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Schumer calls proposed knife rules a distraction for TSA

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    Backlash against new TSA guidelines

Backlash against new TSA guidelines 04:35

Story highlights

  • Senator from New York says "now is not the time for reduced vigilance"
  • TSA will allow some pocketknives, sports equipment as of April 25
  • They were banned after September 11, 2001, attacks
  • Some airline officials also have called for reversal

Sen. Charles Schumer, saying he sees few tangible benefits for passengers, called Sunday on the Transportation Security Administration to reverse its decision to allow small pocketknives on airplanes.

At an afternoon news conference in New York, Schumer said TSA agents would be distracted by having to measure knives and other items like baseball bats.

"These items are dangerous, and have not become less so in the years since they were banned from planes," the New York Democrat said. "Now is not the time for reduced vigilance, or to place additional burdens on TSA agents who should be looking for dangerous items."

During the news conference, Schumer held up a slender bladed object that he said would be allowed under the new rules. "It looks dangerous and it is dangerous. This can kill someone," he said.

A representative from Schumer's office later identified the object as a knife similar to ones made by office supply companies.

The TSA subsequently responded by saying that knife would not be allowed on flights under new regulations because the blade can be locked in place and because the blade appeared to be a razor blade, which remain banned from passenger airplanes.

    Schumer's request on the TSA rule change came a day after U.S. Rep. Ed Markey also came out against the TSA's move.

    In a letter to TSA Administrator John Pistole, the Massachusetts Democrat expressed concern about the new policy and asked it be reversed.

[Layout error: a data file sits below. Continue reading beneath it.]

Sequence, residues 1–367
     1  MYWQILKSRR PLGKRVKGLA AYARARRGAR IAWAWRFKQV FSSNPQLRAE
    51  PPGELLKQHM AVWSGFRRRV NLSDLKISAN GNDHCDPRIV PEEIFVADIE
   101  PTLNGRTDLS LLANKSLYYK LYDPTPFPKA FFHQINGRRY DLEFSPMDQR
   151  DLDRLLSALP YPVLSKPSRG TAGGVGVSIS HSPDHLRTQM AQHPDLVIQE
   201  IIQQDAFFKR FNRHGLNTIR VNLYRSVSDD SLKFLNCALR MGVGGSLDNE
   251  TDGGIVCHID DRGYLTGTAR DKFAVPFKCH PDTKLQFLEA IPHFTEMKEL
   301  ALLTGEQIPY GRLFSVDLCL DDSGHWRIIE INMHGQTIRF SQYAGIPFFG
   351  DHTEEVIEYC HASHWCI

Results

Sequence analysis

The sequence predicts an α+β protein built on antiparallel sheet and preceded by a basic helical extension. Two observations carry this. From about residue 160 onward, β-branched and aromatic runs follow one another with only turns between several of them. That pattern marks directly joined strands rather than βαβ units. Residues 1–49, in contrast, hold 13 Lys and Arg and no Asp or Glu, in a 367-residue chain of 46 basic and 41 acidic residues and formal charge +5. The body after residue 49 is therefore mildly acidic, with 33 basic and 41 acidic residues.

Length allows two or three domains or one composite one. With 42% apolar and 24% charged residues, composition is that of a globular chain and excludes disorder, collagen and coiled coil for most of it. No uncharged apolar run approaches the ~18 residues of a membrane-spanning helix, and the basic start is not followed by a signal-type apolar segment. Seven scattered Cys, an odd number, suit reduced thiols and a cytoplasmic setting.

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    "The attacks on September 11, 2001, demonstrated that in the confined environment of an airplane, even a small blade in the hands of a terrorist can lead to disaster," wrote Markey, who is running for the U.S. Senate seat recently vacated by John Kerry.

    "In addition, the additional responsibility of assessing which knives meet the new requirements could be a distraction for already overburdened screeners at TSA checkpoints, potentially leading to increased wait times and decreased security."

    Knives on a plane? Really?

    Under the rules outlined this week, knives with blades no longer than 2.36 inches (6 centimeters) and less than a half-inch wide will be allowed in airline cabins as long as the blade is retractable and does not lock into place. Razorblades and box cutters are still prohibited.

    The rules also allow a passenger to carry two golf clubs, toy bats or other sports sticks -- such as ski poles, hockey sticks, lacrosse sticks and pool cues -- aboard in carry-on luggage.

    Pistole said the move brings the United States into alignment with international rules and is in keeping with his "risk-based security" approach.

    Kip Hawley, who oversaw the TSA from 2005 to 2009, said the search for knives interferes with the search for objects such as bombs and toxins that can threaten aircraft.

    Ex-TSA chief backs decision

    But others have sharply criticized the change, which takes effect April 25.

    They include the Flight Attendants Union Coalition, a nearly 90,000-member group that has launched a campaign to reverse the TSA's decision. The policy is also opposed by the Federal Law Enforcement Officers Association, a union representing more than 26,000 officers from 65 agencies.

    Delta Air Lines CEO Richard Anderson said Friday he shares the same "legitimate concerns" as his flight attendants.

    Delta CEO opposed to allowing small knives on aircraft

    "If the purpose is to increase security checkpoint flow, there are much more effective steps we can take together to streamline the security checkpoints with risk-based screening mechanisms," he wrote in a letter to Pistole.